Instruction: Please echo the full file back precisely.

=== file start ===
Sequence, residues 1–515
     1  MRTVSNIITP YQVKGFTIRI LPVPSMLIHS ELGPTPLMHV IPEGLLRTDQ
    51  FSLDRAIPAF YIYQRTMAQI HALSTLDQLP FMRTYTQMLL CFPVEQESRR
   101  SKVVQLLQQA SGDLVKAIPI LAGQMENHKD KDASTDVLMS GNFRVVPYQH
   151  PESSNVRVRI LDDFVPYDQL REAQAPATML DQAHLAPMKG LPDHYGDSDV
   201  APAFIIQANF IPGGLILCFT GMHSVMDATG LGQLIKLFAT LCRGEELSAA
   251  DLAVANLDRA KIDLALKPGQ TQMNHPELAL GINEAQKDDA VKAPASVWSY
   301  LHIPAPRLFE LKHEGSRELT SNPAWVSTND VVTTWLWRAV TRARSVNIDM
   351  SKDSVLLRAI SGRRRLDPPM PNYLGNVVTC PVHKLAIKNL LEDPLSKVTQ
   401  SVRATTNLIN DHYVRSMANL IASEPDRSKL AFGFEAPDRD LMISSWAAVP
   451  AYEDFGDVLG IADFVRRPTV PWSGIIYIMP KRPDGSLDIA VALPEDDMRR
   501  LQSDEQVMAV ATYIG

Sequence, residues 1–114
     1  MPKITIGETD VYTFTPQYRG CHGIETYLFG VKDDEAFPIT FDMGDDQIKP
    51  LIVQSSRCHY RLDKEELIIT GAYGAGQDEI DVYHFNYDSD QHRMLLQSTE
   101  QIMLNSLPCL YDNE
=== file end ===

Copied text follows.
Sequence, residues 1–515
     1  MRTVSNIITP YQVKGFTIRI LPVPSMLIHS ELGPTPLMHV IPEGLLRTDQ
    51  FSLDRAIPAF YIYQRTMAQI HALSTLDQLP FMRTYTQMLL CFPVEQESRR
   101  SKVVQLLQQA SGDLVKAIPI LAGQMENHKD KDASTDVLMS GNFRVVPYQH
   151  PESSNVRVRI LDDFVPYDQL REAQAPATML DQAHLAPMKG LPDHYGDSDV
   201  APAFIIQANF IPGGLILCFT GMHSVMDATG LGQLIKLFAT LCRGEELSAA
   251  DLAVANLDRA KIDLALKPGQ TQMNHPELAL GINEAQKDDA VKAPASVWSY
   301  LHIPAPRLFE LKHEGSRELT SNPAWVSTND VVTTWLWRAV TRARSVNIDM
   351  SKDSVLLRAI SGRRRLDPPM PNYLGNVVTC PVHKLAIKNL LEDPLSKVTQ
   401  SVRATTNLIN DHYVRSMANL IASEPDRSKL AFGFEAPDRD LMISSWAAVP
   451  AYEDFGDVLG IADFVRRPTV PWSGIIYIMP KRPDGSLDIA VALPEDDMRR
   501  LQSDEQVMAV ATYIG

Sequence, residues 1–114
     1  MPKITIGETD VYTFTPQYRG CHGIETYLFG VKDDEAFPIT FDMGDDQIKP
    51  LIVQSSRCHY RLDKEELIIT GAYGAGQDEI DVYHFNYDSD QHRMLLQSTE
   101  QIMLNSLPCL YDNE